who are neither Theosophists nor Spiritualists, are yet virtually
members of that Silent Brotherhood the units of which often do
not know each other, belonging as they do to nations far and wide
apart, yet each of whom carries on his brow the mark of the mysterious
Karmic seal the seal that makes of him or her a member of the
Brotherhood of the Elect of Thought. Having failed to satisfy
their aspirations in their respective orthodox faiths,
they have severed themselves from their Churches in soul when
not in body, and are devoting the rest of their lives to the worship
of loftier and purer ideals than any intellectual speculation
can give them. How few, in comparison to their numbers, and how
rarely one meets with such, and yet their name is legion, if they
only chose to reveal themselves.
Under the influence of that same passionate search of "life
in spirit" and "life in truth," which compels every
earnest Theosophist onward through years of moral obloquy and
public ostracism; moved by the same dissatisfaction with the principles
of pure conventionality of modern society, and scorn for the still
triumphant, fashionable thought, which, appropriating to itself
unblushingly the honoured epithets of "scientific" and
"foremost," of "pioneer" and "liberal,"
uses these prerogatives but to domineer over the fainthearted
and selfish these earnest men and women prefer to tread alone
and unaided the narrow and thorny path that lies before him who
will neither recognize authorities nor bow before cant. They may
leave "Sir Oracles" of modern thought, as well as the
Peck-sniffs of time-dishonoured and dogma-soiled lay-figures of
Church-conventionality, without protest; yet, carrying in the
silent shrine of their soul the same grand ideals as all mystics
do, they are in truth Theosophists de facto if not de
jure. We meet such in every circle of society, in every class
of life. They are found among artists and novelists, in the aristocracy
and commerce, among the highest and the richest, as among the
lowest and the poorest. Among the most prominent in this century
is Count L. Tolstoi, a living example, and one of the signs of
the times in this period, of the occult working of the ever moving
cycle. Listen to a few lines of the history of the psycho-spiritual
evolution of this aristocrat, the greatest writer of modern Russia,
by one of the best feuilletonistes in St. Petersburg.
. . . The most famous of our Russian authors, the "word-painter,"
a writer of Shakespearean realism, a heathen poet, one who in
a certain sense worshipped in his literary productions life for
the sake of life, an sich und fur sich as the Hegelians
used to say collapses suddenly over his fairy palette, lost in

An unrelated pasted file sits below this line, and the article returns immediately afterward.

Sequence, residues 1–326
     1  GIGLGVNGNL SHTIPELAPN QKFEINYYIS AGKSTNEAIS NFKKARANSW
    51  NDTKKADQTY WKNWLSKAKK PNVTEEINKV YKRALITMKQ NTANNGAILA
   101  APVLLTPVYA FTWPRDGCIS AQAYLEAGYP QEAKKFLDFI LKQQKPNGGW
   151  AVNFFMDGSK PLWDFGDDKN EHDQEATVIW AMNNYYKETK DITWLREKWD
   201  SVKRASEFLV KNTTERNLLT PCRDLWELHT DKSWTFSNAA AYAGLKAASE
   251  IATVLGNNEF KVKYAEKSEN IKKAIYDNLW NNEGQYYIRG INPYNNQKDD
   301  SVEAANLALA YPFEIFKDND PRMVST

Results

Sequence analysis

tormenting thought; and forthwith he commences to offer to himself
and the world the most abstruse and insoluble problems. . . . The author of the 'Cossacks' and 'Family Happiness,' clad in peasant's garb and bast shoes, starts as a pilgrim on foot in search of
divine truth. He goes to the solitary forest skits3of the Raskolnikyi,4 visits the monks of
the Desert of Optino, passes his time in fasting and prayer. For
his belles lettres and philosophy he substitutes the Bible
and the writings of the Church Fathers; and, as a sequel to 'Anna
Karenina' he creates his 'Confessions' and 'Explanations of the
The fact that Count Tolstoi, all his passionate earnestness notwithstanding,
did not become an orthodox Christian, nor has succumbed to the
wiles of Spiritualism (as his latest satire on mediums and "spirits"
proves), prevents him in no way from being a full-fledged mystic.
What is the mysterious influence which has suddenly forced him
into that weird current almost without any transition period?
What unexpected idea or vision led him into that new groove of
thought? Who knoweth save himself, or those real "Spirits,"
who are not likely to gossip it out in a modern seance-room?
And yet Count Tolstoi is by no means a solitary example of the
work of that mysterious cycle of psychic and spiritual evolution
now in its full activity a work which, silently and unperceived,
will grind to dust the most grand and magnificent structures of
materialistic speculations, and reduce to nought in a few days
the intellectual work of years. What is that moral and invisible
Force? Eastern philosophy alone can explain.
In 1875 the Theosophical Society came into existence. It was ushered
into the world with the distinct intention of becoming an ally
to, a supplement and a helper of, the Spiritualistic movement
of course, in its higher and more philosophical aspect. It succeeded,
however, only in making of the Spiritualists its bitterest enemies,
its most untiring persecutors and denunciators. Perchance the
chief reason for it may be found in the fact that many of the
best and most intellectual of their representatives passed body
and soul into the Theosophical Society. Theosophy was, indeed,
the only system that gave a philosophical rationale of
mediumistic phenomena, a logical raison d'etre for them.
Incomplete and unsatisfactory some of its teachings certainly
are, which is only owing to the imperfections of the human nature of its exponents, not to
any fault in the system itself or its teachings. Based as these
are upon philosophies hoary with age, the experience of men and
races nearer than we are to the source of things, and the records
of sages who have questioned successively and for numberless generations
the Sphinx of Nature, who now holds her lips sealed as to the
secrets of life and death these teachings have to be held certainly